Isagogics is foundational to interpretation, it sets the stage, so to speak, or provides the lens through which interpreters view and frame the text and it often determines actual points of interpretation - this is where presuppositions can creep in and distort exegetical conclusions. Let us then ask some important isagogic questions that might shed light on the nature of John 6: What is the context of John's Gospel? Who was it written for? What was its original purpose, as distinct from the purpose it might serve in the church today? That is the way we begin to get at what John was writing about, as distinct from imposing our own concerns and views upon the text. For a long time in Biblical studies it has been popular to suppose that the Gospel of John was written for a putative Johannine community that was in conflict either with the Jewish synagogue or with Gnosticism. Such a proposed setting leads to the expectation that we will find in it, as we do in the synoptics, the institution of the Lord's Supper, which expectation in turn has apparently shaped the view of many scholars that John 6 is somehow John's treament of the sacrament. I'm sure that approach seems, on the face of it, quite plausible to many of us.
I suggest, though, that this is a great example of scholarship overlooking the obvious in the pursuit of the novel (something scholars are tempted to do to get noticed in academe which we pastors are mercifully freed from). John himself (and yes, unlike many scholars, I believe he wrote the Gospel) tells us the purpose of his Gospel most clearly: it was not primarily a hortatory text for a community which already believed and was struggling under theological attack from without, rather it was evangelistic in purpose; it was written "that you may believe that Jesus is the Christ and that by believing you may have life in his name" (20:31). It was an evangelistic tract, if you will, and we can deduce from what John tells us and from the interlocutors Jesus mainly discourses with in the Gospel who it was aimed towards: Jews who needed to believe, for the sake of eternal life, that "Jesus is the Christ", the long-awaited Messiah prophesied in the OT. Thus we find all through this very Jewish flavoured Gospel the linkage of belief in Jesus as the Christ/Messiah with the reception of eternal life (1:7; 3:15-16; 3:36; 5:24; 6:40; 6:47; 10:40-42: 17:20), the reference to Jewish teachers who don't immediately "get it" (Nicodemus) and later secret Jewish believers who are afraid of the authorities and perhaps have later "back-slidden" from that initial, somewhat unsure faith. This is what the discourse in John 6 directly refers to: belief in Jesus as the Christ, expressed in the metaphorical language of eating (and drinking) through faith, which - if they'd had ears to hear - Jesus' and John's listeners would have picked up on, such metaphorical language being familiar from Rabbinic discourses where disciples are urged to "eat the Torah" and so on. This is, I point out again, the interpretation of John 6 in our confessions (SD VII 61) and Luther's sermons.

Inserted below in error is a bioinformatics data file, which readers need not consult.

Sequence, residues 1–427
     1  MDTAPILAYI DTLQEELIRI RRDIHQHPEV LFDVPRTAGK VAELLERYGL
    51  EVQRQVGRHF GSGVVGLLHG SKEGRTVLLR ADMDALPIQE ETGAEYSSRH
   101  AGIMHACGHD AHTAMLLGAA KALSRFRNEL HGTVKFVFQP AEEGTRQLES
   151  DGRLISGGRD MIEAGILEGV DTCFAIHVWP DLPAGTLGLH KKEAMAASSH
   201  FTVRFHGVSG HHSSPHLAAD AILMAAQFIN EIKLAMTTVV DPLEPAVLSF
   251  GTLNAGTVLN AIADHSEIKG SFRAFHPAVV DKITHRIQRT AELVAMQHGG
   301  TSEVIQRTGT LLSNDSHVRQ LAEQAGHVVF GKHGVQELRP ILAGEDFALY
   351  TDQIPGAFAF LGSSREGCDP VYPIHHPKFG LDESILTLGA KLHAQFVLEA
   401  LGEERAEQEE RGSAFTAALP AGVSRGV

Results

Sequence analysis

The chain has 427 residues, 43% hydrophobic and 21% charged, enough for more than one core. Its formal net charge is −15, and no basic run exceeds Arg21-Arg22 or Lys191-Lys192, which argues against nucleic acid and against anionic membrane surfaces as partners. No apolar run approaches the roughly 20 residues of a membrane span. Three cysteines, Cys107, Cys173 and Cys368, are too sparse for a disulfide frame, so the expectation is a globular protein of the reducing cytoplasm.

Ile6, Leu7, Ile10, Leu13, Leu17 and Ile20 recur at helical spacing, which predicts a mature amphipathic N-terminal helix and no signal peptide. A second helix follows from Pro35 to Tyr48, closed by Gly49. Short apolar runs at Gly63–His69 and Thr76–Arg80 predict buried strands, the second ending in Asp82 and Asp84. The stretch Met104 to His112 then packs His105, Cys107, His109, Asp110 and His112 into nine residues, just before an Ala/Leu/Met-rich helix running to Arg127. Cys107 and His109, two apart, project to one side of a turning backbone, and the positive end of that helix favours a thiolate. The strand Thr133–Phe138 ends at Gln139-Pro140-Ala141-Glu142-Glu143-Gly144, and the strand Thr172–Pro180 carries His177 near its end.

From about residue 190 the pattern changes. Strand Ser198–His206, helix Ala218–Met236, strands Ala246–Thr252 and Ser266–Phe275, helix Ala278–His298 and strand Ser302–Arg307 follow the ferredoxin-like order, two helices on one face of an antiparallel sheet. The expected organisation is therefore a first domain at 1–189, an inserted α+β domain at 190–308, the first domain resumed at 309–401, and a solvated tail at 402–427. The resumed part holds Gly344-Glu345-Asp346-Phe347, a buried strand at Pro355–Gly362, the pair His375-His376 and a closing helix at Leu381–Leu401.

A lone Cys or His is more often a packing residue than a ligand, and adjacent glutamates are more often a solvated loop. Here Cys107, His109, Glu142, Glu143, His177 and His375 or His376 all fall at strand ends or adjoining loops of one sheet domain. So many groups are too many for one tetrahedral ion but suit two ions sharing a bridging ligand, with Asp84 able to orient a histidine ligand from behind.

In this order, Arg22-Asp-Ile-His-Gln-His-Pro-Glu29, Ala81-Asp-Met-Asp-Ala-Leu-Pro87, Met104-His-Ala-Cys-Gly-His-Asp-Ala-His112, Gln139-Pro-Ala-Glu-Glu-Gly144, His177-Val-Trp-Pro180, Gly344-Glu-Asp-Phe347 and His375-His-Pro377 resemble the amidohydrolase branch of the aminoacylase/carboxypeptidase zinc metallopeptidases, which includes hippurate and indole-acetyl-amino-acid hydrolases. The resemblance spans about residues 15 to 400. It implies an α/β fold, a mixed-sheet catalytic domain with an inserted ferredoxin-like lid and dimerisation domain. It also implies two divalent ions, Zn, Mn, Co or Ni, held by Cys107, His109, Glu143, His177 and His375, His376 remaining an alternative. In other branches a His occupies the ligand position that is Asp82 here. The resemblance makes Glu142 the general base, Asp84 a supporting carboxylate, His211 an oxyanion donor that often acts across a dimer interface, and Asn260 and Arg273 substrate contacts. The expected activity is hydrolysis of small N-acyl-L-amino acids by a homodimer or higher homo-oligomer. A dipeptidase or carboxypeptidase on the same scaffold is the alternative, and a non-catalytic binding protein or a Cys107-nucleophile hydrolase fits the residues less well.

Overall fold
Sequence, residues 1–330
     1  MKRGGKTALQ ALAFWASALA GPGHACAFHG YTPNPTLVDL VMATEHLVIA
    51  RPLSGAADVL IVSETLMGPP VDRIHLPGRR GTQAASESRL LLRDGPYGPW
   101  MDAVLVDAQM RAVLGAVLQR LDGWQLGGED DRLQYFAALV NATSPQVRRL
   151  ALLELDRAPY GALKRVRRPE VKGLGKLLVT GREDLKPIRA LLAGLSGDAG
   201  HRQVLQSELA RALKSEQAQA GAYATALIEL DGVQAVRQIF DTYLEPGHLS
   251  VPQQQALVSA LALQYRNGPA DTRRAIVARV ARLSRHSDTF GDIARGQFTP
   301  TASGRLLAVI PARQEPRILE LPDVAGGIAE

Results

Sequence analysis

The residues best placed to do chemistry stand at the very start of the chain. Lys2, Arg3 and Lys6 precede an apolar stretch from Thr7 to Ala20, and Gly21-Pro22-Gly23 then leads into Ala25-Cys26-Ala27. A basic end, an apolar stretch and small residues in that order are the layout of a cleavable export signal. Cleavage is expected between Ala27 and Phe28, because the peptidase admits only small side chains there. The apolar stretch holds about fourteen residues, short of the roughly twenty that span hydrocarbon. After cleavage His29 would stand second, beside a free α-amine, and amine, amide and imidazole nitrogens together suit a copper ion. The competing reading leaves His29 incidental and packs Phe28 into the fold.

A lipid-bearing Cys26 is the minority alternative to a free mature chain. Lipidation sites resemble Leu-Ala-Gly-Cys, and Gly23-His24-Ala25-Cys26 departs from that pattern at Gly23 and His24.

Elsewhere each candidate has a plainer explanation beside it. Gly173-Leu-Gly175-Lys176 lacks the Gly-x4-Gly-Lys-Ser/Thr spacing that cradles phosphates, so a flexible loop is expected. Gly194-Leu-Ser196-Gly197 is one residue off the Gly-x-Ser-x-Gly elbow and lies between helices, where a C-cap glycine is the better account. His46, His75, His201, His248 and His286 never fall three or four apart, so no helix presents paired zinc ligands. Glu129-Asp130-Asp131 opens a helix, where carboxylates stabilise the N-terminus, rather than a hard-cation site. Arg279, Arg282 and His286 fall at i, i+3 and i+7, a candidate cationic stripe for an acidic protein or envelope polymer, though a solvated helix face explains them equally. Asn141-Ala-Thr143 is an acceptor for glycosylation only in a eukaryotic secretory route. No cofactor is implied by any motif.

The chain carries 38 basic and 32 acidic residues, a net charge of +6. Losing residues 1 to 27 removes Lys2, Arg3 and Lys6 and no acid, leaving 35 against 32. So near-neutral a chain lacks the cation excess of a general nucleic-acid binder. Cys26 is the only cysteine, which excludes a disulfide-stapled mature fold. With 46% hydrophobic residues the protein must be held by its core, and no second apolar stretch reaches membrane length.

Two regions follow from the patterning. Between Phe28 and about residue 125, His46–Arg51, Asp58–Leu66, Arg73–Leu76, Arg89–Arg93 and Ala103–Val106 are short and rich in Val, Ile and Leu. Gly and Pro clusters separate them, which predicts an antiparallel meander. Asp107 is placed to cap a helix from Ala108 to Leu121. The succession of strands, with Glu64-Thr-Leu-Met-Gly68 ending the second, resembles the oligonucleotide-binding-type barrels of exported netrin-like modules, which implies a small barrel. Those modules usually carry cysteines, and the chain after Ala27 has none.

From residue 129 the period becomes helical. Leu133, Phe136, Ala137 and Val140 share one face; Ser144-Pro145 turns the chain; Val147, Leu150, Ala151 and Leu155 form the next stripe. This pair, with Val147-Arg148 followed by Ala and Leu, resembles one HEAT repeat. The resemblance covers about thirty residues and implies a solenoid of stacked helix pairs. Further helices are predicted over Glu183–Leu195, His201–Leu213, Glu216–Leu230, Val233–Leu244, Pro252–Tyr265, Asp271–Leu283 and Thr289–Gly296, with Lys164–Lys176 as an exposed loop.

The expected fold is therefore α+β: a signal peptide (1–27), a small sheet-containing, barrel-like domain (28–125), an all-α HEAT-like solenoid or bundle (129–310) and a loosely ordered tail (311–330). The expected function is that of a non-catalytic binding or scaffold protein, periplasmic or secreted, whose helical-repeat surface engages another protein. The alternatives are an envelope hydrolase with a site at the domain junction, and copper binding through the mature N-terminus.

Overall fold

That is not to say that John 6 has no reference to the Lord's Supper, which our Lord instituted to strengthen faith in him - as our confessions also note - but only that the reference is indirect and perhaps better termed an allusion. Therefore, I urge, we need to be very careful about drawing implications for our practice of the Lord's Supper from John 6.